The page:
Even blue chip Grayprop has 38%, he says.  And as Campbell points out, being old in itself is not bad: "The problem is when it is old with nowhere to go."  Marc Wainer, director of Madison (which manages ApexHi and Prima), points out that old buildings in Europe are constantly being gutted and rebuilt behind their ancient facades to become high-rent offices, shops and apartments. 

Vontas says the new managers have had two choices with these old properties: sell them or reincarnate them as something new.  Neither is easy. There are not enough new properties coming on stream to replace the old stock, and converting old properties would use funds that investors want as payouts.

What SA asset managers do about all their old properties is the test of their mettle. 

Sycom, managed by Corovest, has successfully taken the first course, culling older properties in the past few years and bringing its portfolio to a 50% split between modern shops and modern offices. It won the Investment Property Databank awards for best performance in both these types of properties last year. 

ApexHi and Prima, both managed by Madison, have actually embraced older properties, but at yields and with management models aimed at making them desirable.  ApexHi built its portfolio on properties in secondary locations but with good tenants. Smart structuring has allowed it to give investors enormous returns.  In a couple more years, the original unit holders in ApexHi will have payback of their initial cost - and they will still be shareholders with growing income.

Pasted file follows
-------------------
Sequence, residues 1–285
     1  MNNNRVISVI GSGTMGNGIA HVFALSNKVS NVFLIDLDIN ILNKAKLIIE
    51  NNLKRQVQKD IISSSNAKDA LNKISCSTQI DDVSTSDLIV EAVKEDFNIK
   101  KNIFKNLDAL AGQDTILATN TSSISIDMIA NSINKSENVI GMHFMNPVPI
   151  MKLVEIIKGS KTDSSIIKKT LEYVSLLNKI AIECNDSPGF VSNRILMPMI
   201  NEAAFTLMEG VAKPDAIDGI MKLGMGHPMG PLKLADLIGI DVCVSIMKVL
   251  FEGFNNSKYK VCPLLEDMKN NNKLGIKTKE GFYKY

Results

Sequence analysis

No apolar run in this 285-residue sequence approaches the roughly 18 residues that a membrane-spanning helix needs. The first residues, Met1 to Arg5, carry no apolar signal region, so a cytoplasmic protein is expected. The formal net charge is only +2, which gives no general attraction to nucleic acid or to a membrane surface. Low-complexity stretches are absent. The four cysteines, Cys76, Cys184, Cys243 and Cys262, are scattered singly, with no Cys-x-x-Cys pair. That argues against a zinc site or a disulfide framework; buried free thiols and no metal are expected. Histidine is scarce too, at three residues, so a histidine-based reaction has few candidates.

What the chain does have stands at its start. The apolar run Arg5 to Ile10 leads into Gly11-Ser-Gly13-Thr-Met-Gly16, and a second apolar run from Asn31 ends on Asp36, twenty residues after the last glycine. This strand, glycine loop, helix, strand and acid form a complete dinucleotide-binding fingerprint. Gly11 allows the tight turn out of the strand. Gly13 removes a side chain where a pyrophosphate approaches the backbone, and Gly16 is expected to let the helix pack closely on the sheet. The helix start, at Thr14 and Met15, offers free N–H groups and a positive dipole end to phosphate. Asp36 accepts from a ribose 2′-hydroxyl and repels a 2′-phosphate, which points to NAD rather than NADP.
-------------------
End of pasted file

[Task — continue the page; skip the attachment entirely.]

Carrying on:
Analysts were scathing about the ApexHi risk, but last week the "high-risk" ApexHi B units were selling at a premium to the "low risk" A units. 

ApexHi has developed a special management team through Broll to defy the laws of property geriatrics. It is converting obsolete offices in the CBDs to residential accommodation. So is City Properties, manager of Premium.

It is converting obsolete offices in Pretoria CBD into benchmark residential units that have enhanced income.  Prima was moribund before Madison bought it. Management has sold six of its eight long-held properties and is buying up all properties worth less than R15m apiece.

These are generally older properties that other funds want to shed because they are too small to bother with. It has a special "mom and pop" franchise model to ensure hands-on management. 

Campbell says good asset managers will decide which properties they can profitably improve, selling the rest.  "We sold Horizon View shopping centre in Roodepoort to ApexHi, and Maynard offices near Cape Town to Spearhead, because they are not part of our expertise," says Campbell. "Some buildings are so obsolete you just have to pull them down."  Pangbourne did this in Isando. It demolished some buildings to create more yard and vehicle turning space. "This gave us a 16% yield on the cost of improvement." 

Occupancy of Pangbourne's industrial holdings in Benrose, Johannesburg, once the blue-chip portfolio of Pioneer Fund, was increased from 68% to 92% a few years ago by improving the security. Gross rents for the 200 000 m² space now average about R10,50/m², up from R7,50/m². 

This sort of creativity was rare among the old institutional managers and has triggered similar behaviour from large insurers, as in Old Mutual's conversion of Cape Town offices to hot-selling CBD flats. Whether they have truly embraced the entrepreneurial spirit has yet to be seen.  

 



Last modified on Monday, 12 May 2014 17:59